It might seem peculiar to acknowledge the contribution made by reality TV contestants to increasing the legal rights and responsibilities of every citizen and business in the UK.
However, it's worth pointing out that they have unconsciously played their part in developing the case analysis undertaken by lawyers in data breach cases.
The legal checklist for such cases has been influenced and refined in recent years by various different factors, including, for example, a belated readiness to employ a near 20-year-old data protection law.
High-profile data leaks have brought the issue of data management to a point of critical digital mass and legal requirements are obliging companies to muster an extremely robust response to ward off reputational, regulatory and financial damage.
Whilst a lot of attention has been focused on the implications of the EU data protection reforms (which are still set to come into force in 18 months' time despite Brexit), an important driver has arguably been the development of privacy law through court cases, something which has been thrown into especially sharp relief in the UK.
Significant legislation governing data protection (Data Protection Act) and privacy (Human Rights Act) was introduced in 1998. Even so, data protection case law has developed far more slowly, principally because of the historic requirement to prove that infringement had resulted in financial loss.
Privacy law has evolved more quickly through a succession of judgements, many of which have related to celebrities and football stars. Furthermore, the long-standing damages standard - set by News of the World allegations about a motor racing official involved in a Nazi-themed orgy - has been raised still higher by ‘phone hacking' judgements. The potential consequences for organisations considered at fault have also escalated.
Data protection law, on the other hand, is certainly not toothless. If anything, I believe that the DPA provides a far wider range of rights than privacy laws, including the ability to find out what information is held - via a Subject Access Request - and influence both the type of data held and what happens to it.
Even though some individuals have suggested that the DPA is an analogue law applied to the digital age, I disagree. Were it as prescriptive as some would have it, it would be inflexible and need to be constantly updated to take account of fresh security threats.
It may have been introduced before mass adoption of Web 2.0 and associated technology impacted on how we do business but the DPA is now being applied to meet changing circumstances.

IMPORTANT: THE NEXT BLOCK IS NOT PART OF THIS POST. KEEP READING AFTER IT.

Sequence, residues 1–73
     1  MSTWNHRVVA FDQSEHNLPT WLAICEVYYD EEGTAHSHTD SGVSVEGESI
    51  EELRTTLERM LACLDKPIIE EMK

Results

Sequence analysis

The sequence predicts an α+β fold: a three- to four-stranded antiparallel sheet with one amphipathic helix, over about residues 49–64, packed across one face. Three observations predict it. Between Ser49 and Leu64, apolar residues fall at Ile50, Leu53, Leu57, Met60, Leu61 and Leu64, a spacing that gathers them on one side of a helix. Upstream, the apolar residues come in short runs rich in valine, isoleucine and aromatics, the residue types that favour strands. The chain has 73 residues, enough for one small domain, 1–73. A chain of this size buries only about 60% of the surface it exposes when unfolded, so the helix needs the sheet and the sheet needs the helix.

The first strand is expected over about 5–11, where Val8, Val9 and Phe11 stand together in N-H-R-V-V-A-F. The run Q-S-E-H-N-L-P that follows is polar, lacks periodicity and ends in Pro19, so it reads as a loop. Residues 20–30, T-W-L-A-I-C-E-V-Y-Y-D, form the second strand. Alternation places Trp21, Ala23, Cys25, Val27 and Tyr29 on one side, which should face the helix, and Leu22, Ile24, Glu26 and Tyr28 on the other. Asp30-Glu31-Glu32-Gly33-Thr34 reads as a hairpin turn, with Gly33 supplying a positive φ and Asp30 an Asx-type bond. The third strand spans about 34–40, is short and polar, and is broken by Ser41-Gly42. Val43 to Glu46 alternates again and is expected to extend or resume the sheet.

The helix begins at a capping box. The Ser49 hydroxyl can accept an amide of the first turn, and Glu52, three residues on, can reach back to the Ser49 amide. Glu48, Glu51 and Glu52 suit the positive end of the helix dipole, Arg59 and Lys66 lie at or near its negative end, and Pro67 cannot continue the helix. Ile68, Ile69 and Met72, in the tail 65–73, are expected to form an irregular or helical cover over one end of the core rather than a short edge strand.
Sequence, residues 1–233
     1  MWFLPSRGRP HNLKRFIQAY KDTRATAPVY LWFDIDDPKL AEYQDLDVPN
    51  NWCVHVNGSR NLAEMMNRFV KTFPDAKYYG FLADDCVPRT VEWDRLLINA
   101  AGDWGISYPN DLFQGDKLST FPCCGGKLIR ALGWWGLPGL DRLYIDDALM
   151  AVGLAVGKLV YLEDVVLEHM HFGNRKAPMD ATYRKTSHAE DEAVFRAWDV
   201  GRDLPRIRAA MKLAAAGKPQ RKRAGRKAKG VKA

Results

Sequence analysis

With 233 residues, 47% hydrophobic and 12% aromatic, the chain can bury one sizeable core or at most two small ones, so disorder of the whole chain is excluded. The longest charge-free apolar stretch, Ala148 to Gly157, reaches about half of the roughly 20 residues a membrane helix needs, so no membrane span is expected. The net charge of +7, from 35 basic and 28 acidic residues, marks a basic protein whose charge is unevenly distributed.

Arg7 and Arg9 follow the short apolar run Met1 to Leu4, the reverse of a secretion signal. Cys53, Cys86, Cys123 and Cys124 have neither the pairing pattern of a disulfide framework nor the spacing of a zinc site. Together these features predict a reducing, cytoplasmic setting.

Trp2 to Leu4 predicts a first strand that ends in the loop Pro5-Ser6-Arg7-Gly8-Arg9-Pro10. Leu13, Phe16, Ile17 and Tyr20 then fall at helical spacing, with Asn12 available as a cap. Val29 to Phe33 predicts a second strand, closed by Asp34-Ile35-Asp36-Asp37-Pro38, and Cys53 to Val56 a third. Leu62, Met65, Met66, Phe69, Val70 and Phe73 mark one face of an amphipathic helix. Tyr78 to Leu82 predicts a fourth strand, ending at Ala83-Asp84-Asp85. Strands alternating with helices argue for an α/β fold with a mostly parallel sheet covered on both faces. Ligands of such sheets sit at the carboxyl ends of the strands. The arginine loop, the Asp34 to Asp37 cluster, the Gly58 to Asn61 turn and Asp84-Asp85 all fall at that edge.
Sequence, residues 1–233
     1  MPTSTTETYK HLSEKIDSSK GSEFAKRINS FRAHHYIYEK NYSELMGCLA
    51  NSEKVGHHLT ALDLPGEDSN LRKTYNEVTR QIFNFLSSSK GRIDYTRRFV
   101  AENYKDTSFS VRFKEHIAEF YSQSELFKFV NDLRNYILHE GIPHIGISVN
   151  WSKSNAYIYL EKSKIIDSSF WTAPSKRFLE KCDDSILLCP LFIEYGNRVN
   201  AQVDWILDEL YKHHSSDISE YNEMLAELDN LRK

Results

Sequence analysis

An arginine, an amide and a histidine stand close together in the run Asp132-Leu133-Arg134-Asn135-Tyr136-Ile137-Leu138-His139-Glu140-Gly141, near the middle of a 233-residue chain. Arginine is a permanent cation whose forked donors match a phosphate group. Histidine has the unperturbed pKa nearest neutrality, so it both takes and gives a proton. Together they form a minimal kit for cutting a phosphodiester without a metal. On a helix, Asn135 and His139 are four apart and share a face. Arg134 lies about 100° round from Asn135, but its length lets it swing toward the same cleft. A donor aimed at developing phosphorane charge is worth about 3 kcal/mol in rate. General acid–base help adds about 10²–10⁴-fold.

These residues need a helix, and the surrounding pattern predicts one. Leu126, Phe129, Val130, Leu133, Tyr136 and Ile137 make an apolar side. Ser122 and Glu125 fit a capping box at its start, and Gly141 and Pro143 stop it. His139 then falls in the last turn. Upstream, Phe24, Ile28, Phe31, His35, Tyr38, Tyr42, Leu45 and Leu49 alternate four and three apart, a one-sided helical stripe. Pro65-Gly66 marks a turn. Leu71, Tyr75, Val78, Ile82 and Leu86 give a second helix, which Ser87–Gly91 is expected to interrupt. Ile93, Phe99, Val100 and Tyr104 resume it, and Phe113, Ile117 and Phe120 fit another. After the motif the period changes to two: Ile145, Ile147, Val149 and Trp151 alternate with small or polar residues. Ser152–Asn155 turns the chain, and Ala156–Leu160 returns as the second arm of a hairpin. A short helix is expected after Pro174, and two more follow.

A recent claim that Google's tracking of online searches amounted to a legal breach came to a close as recently as last summer after a Court of Appeal ruling. Critically, it removed the hurdle of demonstrating ‘financial loss' which had previously proven difficult to overcome in data protection cases.
Claimants in that case were confronted with familiar issues, whether they involve one person or business or - as in the case of the Morrisons supermarket data leak – many thousands of individuals.
Initially, it can be problematic trying to ascertain what exactly has happened in a specific data leak case. Companies frequently take time to discover the root cause for themselves and, along with police and the Information Commissioner (ICO), will regard investigation and containment as greater priorities than communication with lawyers working on behalf of a potential claimant.
Often, key evidence comes from clients themselves, who will describe what they may have been told at that stage as well as whether, for example, they have experienced theft of cash, identity or other negative repercussions as a result.
Depending on how a company responds, a legal complaint might proceed to a trial involving large numbers of affected individuals. Although a group action might seem daunting, running litigation in this way is actually more efficient than a large number of related cases all proceeding independently.
One important point for companies who suffer a breach is the nature of a response to a claim. Those who adopt a confrontational attitude or treat the case as a standard commercial dispute are usually regarded by the victims as only inflaming matters –something which usually has a bearing on the size of compensation due.
Having advised both companies and private individuals, it seems that more enlightened organisations do not just embed data security in all of their firm's decision-making but, in the aftermath of a data breach, they are actually able to rebuild trust and confidence in their brand because of the manner in which they react.
The EU has proclaimed that its reforms will be “good for citizens and good for businesses”. If they encourage the safe and responsible use of the sort of data on which we all rely, we will no doubt regard Brussels as wholly correct.
Contributed by Nick McAleenan, partner, media and communication law, JMW Solicitors